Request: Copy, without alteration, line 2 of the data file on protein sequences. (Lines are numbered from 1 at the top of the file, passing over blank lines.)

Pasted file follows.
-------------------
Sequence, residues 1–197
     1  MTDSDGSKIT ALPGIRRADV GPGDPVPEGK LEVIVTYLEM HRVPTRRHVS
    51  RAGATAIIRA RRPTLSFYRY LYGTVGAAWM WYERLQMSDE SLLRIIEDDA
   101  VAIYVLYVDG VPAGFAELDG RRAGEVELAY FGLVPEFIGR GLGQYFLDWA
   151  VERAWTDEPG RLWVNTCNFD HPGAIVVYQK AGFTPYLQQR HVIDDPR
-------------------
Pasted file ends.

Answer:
     1  MTDSDGSKIT ALPGIRRADV GPGDPVPEGK LEVIVTYLEM HRVPTRRHVS